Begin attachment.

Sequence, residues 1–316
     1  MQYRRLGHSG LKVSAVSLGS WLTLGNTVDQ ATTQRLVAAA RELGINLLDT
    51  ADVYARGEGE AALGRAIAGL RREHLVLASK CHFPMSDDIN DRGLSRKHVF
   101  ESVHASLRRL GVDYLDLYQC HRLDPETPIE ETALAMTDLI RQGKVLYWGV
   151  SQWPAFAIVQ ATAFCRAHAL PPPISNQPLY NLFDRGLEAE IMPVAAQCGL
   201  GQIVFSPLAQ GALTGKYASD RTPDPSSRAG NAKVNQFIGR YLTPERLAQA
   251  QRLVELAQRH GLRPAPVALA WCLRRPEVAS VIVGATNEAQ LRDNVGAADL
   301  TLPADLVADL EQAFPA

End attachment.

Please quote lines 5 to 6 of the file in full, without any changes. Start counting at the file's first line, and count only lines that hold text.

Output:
   151  SQWPAFAIVQ ATAFCRAHAL PPPISNQPLY NLFDRGLEAE IMPVAAQCGL
   201  GQIVFSPLAQ GALTGKYASD RTPDPSSRAG NAKVNQFIGR YLTPERLAQA